Textile: H. 14 1/2 in. (36.8 cm)
W. 6 3/8 in. (16.2 cm)
Mount: H. 21 1/4 in. (54 cm)
W. 16 3/4 in. (42.5 cm)
D. 1 3/16 in. (3 cm)
Rogers Fund, 1915
Not on view
This fragment depicts a rare small-scale version of the design known as chintamani ("auspicious jewel"), which finds its etymology in Sanskrit and usually features three circles or closed crescent forms representing pearls. Also associated with the patterning on animal skins, the circular elements are alternately referenced as leopard spots, and often accompanied by wavy lines representing tiger stripes. In this fine example of seraser, the gold ground of the cloth is accomplished by weft threads comprised of thin strips of silver foil wrapped around a yellow silk core, giving the surface of the cloth its luster.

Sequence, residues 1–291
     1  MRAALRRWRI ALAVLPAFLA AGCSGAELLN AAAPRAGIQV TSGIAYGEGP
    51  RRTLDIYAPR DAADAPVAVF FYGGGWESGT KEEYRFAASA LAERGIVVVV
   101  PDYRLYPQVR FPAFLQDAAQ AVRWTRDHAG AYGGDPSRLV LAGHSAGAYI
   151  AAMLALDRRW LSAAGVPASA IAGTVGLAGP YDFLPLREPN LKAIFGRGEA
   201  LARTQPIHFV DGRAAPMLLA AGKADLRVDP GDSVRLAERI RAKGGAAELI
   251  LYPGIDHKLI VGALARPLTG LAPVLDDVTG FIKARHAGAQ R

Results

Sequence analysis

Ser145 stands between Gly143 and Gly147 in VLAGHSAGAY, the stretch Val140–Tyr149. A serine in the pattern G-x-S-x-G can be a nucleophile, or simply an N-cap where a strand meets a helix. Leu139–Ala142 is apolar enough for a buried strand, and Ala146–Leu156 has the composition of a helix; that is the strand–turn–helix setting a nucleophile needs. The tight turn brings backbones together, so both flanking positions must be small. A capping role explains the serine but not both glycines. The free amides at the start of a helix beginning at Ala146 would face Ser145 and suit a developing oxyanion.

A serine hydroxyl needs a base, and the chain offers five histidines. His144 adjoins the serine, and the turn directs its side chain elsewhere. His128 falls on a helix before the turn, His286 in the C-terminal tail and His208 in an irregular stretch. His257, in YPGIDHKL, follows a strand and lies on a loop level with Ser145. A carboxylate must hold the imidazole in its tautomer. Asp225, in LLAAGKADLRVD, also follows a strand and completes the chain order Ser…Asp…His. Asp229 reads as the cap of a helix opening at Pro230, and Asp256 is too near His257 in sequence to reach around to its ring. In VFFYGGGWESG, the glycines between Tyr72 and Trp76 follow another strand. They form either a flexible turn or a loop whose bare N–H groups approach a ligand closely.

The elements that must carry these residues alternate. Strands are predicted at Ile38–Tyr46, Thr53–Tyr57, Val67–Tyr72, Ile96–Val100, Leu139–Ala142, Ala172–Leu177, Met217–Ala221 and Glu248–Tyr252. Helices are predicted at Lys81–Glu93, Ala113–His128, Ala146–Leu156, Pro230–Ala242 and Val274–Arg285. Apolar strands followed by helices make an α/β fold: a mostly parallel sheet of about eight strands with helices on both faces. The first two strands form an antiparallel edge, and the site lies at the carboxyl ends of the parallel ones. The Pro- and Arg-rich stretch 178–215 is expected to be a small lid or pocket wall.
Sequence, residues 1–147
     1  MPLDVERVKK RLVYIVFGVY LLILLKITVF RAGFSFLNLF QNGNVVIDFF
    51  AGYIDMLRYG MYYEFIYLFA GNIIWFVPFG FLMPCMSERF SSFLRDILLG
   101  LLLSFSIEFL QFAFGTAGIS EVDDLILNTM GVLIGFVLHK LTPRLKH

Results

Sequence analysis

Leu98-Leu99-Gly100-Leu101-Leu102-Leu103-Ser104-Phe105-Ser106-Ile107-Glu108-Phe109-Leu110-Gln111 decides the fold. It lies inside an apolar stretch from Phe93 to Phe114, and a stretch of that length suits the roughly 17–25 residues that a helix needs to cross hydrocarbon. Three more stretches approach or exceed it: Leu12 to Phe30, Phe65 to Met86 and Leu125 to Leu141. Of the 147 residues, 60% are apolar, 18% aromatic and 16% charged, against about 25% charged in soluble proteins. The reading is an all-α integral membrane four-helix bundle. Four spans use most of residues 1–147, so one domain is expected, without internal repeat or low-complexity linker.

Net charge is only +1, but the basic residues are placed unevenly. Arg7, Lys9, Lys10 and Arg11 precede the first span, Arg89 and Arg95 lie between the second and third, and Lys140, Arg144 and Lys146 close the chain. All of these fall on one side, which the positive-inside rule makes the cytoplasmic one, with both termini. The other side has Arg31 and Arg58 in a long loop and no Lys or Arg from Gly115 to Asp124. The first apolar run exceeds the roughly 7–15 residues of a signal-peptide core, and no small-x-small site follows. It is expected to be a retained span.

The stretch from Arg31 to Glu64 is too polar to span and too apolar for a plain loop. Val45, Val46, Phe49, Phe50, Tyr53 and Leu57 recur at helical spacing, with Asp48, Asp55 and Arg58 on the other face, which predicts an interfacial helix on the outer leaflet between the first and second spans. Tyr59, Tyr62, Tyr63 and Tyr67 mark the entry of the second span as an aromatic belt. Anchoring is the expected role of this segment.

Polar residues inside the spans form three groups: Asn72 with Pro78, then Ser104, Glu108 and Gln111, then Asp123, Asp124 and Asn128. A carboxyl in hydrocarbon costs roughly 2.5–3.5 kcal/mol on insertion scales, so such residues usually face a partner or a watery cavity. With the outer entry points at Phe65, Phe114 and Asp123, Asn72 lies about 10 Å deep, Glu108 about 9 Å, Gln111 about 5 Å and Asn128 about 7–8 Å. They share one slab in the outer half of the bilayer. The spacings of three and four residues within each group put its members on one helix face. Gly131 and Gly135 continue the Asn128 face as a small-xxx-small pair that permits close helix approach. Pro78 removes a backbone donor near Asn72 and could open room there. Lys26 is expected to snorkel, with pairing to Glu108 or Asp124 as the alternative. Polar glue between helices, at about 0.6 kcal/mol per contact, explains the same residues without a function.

[ Indjoudjian Frères, Paris, until 1915; sold to MMA]
Ekhtiar, Maryam, Sheila R. Canby, Navina Haidar, and Priscilla P. Soucek, ed. Masterpieces from the Department of Islamic Art in The Metropolitan Museum of Art. 1st ed. ed. New York: The Metropolitan Museum of Art, 2011. no. 226A, pp. 317-318, ill. p. 317 (color).